Biomimicry in Architecture
Updated: Mar 11
Biomimicry is an interdisciplinary science that involves Earth’s biological development and the implementation of this wisdom into design solutions for modern problems. There is no definite point in history when biomimicry was first used, although Leonardo da Vinci is often referenced as the first biomimeticist and wrote: “Human subtlety…will never devise an invention more beautiful, more simple or more direct than does Nature, because in her inventions nothing is lacking, and nothing is superfluous.” The term ''biomimetics'' appeared in the 1960s but was popularized when Janine Benyus published her 1997 book Biomimicry: Innovation Inspired by Nature. Today, biomimicry is gaining traction in architecture in order to advance energy efficiency, sustainability, and material innovation.
A core principle of biomimicry is the acknowledgment that nature always knows best, and by using the biomimicry design process, we can learn from organisms, plants, and systems found in nature to address specific needs of our own. The practice of biomimicry is not, however, an emulation of aesthetically inspiring physical forms found in the natural world, but is rather a strategic adaptation of processes, mechanisms, and functions that inform our designs. We can never become better designers than nature, but we can continue to learn from it to create a more sustainable future.
The Biomimicry Institute has outlined the biomimicry design process in the following graphic. In the third step, biologizing a challenge, we translate our design parameters into biological terms. For example, if our challenge is to design a building fenestration system that also helps to increase natural ventilation, we might begin by asking questions such as “how does nature accomplish gas exchange”? We can then conduct research to find design strategies found in nature using resources such as AskNature.org, which features a comprehensive library of biological design strategies. We might discover natural models such as the internal structure of leaves, termite mounds, and mangrove roots facilitating gas exchange using their own unique methods.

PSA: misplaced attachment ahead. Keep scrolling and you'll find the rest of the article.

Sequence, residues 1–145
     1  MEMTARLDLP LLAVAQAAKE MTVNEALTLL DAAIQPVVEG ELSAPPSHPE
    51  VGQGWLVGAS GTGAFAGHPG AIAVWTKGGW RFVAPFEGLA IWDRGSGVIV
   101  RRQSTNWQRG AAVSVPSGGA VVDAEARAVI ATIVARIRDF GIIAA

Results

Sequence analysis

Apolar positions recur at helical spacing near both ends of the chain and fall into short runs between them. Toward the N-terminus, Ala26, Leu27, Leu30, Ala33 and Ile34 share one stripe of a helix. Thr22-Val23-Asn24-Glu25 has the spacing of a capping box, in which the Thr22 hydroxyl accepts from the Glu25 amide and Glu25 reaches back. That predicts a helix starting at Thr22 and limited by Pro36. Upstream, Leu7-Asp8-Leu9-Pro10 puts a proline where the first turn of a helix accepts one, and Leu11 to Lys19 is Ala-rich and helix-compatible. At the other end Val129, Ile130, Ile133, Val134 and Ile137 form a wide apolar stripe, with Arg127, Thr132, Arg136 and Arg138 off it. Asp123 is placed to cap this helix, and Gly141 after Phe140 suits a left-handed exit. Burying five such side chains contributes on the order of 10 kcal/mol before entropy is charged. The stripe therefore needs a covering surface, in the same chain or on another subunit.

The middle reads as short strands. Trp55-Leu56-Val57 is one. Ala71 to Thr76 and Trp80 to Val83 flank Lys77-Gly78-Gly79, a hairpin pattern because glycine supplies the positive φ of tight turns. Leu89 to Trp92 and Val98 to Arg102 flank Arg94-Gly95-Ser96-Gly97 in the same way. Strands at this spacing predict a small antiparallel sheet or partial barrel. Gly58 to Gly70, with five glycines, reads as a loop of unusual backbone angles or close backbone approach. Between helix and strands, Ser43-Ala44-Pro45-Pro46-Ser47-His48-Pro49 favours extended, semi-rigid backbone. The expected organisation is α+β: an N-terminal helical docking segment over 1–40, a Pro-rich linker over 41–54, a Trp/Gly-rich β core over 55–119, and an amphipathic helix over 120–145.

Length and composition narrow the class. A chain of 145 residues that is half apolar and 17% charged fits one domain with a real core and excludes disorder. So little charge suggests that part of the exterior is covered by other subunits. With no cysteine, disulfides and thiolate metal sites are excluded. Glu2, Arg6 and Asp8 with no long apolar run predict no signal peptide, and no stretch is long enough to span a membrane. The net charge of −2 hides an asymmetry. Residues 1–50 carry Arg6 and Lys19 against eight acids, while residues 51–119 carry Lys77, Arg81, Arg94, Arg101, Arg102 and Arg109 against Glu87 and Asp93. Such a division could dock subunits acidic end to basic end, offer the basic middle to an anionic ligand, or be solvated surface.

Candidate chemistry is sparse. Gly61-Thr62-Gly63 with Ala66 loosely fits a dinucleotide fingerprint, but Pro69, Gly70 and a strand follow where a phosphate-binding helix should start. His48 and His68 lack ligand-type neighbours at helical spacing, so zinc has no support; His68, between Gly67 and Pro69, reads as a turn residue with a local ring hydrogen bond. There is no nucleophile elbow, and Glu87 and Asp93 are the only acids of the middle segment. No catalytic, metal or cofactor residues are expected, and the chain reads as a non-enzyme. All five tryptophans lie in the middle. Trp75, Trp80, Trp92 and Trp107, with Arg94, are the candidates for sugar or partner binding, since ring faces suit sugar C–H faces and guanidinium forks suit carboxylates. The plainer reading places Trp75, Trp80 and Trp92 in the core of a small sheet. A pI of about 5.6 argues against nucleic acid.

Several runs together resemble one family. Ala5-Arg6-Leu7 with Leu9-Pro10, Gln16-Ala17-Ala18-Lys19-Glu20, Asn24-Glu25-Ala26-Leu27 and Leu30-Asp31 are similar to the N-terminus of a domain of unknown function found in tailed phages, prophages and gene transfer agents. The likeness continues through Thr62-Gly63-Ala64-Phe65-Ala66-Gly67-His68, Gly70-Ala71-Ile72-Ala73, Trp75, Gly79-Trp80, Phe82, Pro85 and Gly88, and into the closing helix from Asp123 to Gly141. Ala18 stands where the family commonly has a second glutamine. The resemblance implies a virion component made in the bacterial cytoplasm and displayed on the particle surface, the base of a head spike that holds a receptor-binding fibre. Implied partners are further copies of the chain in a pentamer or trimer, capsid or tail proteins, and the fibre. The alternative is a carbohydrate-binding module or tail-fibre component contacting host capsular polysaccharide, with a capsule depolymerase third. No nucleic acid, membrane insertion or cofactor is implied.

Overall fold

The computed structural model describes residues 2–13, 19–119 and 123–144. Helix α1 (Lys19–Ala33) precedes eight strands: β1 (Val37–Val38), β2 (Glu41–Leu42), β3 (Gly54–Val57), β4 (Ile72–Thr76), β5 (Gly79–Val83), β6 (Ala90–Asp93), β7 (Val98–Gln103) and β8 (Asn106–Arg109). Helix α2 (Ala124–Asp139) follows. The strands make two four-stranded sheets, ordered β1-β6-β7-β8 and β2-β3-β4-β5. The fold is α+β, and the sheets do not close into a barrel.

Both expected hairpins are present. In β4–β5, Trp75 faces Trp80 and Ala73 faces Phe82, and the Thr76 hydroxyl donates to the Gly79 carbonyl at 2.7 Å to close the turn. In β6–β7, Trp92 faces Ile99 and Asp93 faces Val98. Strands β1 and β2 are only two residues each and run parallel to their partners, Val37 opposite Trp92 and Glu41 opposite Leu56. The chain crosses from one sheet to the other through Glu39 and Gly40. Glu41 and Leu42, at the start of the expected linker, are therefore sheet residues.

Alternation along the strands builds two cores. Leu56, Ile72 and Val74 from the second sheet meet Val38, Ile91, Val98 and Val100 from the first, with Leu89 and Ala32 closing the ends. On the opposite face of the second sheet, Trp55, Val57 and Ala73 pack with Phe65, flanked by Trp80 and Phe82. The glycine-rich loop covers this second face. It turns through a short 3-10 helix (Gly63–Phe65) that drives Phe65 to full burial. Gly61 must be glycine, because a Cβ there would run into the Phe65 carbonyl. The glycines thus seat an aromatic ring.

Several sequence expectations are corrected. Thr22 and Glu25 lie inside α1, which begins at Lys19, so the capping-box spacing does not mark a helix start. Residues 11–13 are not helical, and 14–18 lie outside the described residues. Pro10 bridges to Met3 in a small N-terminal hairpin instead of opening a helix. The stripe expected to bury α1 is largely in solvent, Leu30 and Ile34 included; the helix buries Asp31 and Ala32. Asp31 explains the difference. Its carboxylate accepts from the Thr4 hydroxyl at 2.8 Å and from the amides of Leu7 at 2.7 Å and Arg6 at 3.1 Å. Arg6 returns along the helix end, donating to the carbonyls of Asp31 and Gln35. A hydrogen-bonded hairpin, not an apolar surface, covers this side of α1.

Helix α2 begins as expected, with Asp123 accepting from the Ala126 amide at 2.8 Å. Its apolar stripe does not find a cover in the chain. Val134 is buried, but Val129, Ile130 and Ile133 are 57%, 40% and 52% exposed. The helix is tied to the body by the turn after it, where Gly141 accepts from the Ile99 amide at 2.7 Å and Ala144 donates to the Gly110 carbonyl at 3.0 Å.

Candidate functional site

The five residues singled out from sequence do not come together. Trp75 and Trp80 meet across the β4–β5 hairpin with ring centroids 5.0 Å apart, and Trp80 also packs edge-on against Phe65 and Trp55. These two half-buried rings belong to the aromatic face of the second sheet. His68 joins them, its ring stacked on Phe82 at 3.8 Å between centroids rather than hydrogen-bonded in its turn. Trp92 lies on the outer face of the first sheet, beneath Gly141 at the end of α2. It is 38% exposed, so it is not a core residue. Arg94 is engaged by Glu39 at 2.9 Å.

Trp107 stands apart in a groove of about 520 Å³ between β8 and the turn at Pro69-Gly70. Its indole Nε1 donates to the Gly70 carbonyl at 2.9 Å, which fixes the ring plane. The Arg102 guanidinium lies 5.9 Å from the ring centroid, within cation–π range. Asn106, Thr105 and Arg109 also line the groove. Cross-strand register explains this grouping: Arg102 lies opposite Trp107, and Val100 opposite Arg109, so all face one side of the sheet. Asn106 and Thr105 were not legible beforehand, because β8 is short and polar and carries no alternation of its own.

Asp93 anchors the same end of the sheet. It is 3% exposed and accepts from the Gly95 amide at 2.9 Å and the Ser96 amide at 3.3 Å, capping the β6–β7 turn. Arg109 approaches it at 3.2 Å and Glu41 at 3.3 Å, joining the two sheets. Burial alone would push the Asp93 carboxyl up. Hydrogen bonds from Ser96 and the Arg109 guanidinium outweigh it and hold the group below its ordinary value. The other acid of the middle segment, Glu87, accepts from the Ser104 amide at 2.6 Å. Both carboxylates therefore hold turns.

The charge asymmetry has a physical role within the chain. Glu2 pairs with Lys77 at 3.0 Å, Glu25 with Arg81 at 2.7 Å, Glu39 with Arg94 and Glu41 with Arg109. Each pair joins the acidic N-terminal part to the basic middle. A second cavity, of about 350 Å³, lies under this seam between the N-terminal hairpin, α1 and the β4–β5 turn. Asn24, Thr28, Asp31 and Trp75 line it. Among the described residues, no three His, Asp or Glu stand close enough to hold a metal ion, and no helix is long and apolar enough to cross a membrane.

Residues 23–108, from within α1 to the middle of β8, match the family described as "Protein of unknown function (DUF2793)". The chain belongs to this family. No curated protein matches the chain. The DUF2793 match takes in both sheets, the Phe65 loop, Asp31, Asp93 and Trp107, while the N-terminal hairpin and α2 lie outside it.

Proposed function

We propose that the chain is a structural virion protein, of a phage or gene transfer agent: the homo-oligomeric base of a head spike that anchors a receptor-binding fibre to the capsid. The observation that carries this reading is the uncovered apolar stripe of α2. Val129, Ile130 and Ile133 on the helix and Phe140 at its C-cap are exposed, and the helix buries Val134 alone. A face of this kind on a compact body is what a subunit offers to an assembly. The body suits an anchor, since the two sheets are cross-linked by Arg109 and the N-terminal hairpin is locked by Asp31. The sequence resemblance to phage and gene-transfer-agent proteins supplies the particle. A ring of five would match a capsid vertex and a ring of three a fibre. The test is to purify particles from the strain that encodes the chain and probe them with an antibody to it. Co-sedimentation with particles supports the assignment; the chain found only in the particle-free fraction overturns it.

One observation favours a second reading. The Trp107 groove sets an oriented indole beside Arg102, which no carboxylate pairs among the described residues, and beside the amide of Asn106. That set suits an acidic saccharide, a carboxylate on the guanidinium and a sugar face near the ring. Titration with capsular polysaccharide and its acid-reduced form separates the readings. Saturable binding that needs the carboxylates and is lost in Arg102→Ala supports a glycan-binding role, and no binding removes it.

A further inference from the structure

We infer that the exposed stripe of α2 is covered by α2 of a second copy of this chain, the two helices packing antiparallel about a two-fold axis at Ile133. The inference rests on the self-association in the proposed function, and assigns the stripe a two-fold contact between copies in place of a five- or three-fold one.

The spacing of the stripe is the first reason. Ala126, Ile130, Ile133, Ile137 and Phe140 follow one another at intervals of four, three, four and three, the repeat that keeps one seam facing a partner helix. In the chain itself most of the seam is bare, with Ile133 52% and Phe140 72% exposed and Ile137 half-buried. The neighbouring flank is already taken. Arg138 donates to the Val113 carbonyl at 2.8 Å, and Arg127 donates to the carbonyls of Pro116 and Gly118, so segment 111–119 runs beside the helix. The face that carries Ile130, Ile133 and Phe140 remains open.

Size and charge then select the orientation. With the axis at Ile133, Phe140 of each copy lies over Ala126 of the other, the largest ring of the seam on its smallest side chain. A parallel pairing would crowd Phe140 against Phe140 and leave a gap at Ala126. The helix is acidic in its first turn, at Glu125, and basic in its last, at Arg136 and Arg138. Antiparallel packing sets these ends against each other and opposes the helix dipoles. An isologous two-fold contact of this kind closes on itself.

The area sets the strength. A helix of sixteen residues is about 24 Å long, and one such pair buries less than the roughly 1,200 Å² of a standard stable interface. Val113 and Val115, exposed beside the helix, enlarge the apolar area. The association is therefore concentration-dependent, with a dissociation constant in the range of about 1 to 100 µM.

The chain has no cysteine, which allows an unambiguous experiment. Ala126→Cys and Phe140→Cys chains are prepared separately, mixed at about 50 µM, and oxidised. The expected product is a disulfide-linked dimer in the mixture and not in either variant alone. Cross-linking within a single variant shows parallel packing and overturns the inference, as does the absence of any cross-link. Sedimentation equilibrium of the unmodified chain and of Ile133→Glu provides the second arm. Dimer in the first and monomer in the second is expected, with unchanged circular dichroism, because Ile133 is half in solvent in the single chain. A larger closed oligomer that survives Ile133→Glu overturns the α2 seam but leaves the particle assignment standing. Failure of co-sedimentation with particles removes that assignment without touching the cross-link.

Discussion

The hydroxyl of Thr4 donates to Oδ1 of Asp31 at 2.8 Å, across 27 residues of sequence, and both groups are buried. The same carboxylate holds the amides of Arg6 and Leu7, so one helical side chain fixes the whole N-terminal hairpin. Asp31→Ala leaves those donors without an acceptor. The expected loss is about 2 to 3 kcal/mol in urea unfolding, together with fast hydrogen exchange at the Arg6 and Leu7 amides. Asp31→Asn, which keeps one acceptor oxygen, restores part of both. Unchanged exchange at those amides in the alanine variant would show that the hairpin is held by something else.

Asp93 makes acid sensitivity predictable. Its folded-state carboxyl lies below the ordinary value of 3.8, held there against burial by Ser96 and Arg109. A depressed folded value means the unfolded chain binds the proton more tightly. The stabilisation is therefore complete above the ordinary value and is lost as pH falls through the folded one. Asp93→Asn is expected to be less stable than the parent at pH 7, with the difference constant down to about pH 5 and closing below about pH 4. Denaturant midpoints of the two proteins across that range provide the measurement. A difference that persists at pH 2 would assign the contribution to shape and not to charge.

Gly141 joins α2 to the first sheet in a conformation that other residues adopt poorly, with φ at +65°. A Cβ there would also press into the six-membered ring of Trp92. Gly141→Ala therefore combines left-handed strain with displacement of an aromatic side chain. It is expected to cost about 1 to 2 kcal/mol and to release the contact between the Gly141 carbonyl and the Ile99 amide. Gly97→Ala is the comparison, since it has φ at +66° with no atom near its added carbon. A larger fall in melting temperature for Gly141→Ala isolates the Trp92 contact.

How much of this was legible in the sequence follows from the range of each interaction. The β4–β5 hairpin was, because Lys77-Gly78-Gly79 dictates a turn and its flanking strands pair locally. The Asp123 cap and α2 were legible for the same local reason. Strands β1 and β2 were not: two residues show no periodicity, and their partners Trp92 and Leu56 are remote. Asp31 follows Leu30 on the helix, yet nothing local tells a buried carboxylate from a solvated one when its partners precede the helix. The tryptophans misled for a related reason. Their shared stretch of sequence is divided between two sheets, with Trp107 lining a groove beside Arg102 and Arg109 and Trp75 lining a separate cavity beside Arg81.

Architecture is human-made but has great potential for deeper integration with the natural world. Architecture often separates and protects us from nature, and it is often disruptive to the natural systems in which it inhabits. Biomimicry in architecture seeks to mitigate this relationship; it can provide not only a direct connection to nature, but can also take advantage of nature’s genius and time-tested biological principles, translating them into architectural strategies and improving upon conventional methods of design and construction.
A notable example of biomimicry in architecture is the Eastgate Center in Harare, Zimbabwe. This large, primarily concrete structure incorporates airflow strategies seen within the termite mounds found in this region of Africa. These termite mounds are characterized by their use of thermal mass and a meticulously arranged network of tunnels and vents. As the mound is heated via solar energy, the gasses within begin to flow; the warm air rises out of a hole in the top of the mound and allows the network of tunnels to exchange their hot air for cooler air from the exterior. The Eastgate Center operates in a similar way: the thermal mass of the concrete and a strategically-placed system of openings are used as the primary means of conditioning the air within the interior spaces. The thermal mass helps to absorb heat when it’s hot outside, and lets go of this heat when it’s needed during cooler times of the day. Coupled with the thermal massing, the punctures through the concrete help to remove hot air and introduce cooler air when needed. Despite the office being a midrise building, its heating, cooling, and ventilation are all naturally driven, lowering the building's overall energy use, and serving as an example of architecture utilizing a similar system found in nature.
From the structure of a building to the material components that are used, architecture can be informed by physics found in natural, commonplace systems. The National Aquatics Center, or “Water Cube”, in Beijing is an example of just that. The iconic façade was constructed using ethyl tetrafluoroethylene (ETFE), a translucent or transparent high-strength polymer that can be used in units roughly seven times that of glass, and it is only one percent of the weight of the same area of standard double-glazing. The seemingly randomized shapes of the ETFE panels on the Water Cube actually feature geometric efficiency that can be found in natural pressurized membranes like soap bubbles and cell membranes. Much like cells, if an individual panel is damaged it can easily be replaced, making the Water Cube resilient despite its delicate appearance.
If nature knows best, as the biomimicry community recognizes, then architecture should do the best for the sake of nature. As the architecture field continues to push for more energy-efficient structures in order to combat the global climate crisis, it is important to remember that there is already an inherently sustainable environment all around us, rich with sustainable solutions 3.8 billion years in the making for us to study and adapt to the built environment.
Written by Kristin Fauske and Josh Miller
P. Gruber et al. (eds.) Biomimetics – Materials, Structures and Processes, Biological and Medical Physics, Biomedical Engineering, DOI 10.1007/978-3-642-11934-7_7, © Springer-Verlag Berlin Heidelberg 2011